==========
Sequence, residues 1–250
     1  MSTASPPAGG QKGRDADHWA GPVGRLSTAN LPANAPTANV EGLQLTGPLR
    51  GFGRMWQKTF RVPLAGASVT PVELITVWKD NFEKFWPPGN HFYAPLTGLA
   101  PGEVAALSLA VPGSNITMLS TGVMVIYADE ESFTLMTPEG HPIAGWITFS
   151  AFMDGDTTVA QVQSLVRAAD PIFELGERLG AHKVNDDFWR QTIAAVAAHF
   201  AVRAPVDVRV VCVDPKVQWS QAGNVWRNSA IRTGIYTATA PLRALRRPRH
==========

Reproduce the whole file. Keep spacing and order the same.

Sequence, residues 1–250
     1  MSTASPPAGG QKGRDADHWA GPVGRLSTAN LPANAPTANV EGLQLTGPLR
    51  GFGRMWQKTF RVPLAGASVT PVELITVWKD NFEKFWPPGN HFYAPLTGLA
   101  PGEVAALSLA VPGSNITMLS TGVMVIYADE ESFTLMTPEG HPIAGWITFS
   151  AFMDGDTTVA QVQSLVRAAD PIFELGERLG AHKVNDDFWR QTIAAVAAHF
   201  AVRAPVDVRV VCVDPKVQWS QAGNVWRNSA IRTGIYTATA PLRALRRPRH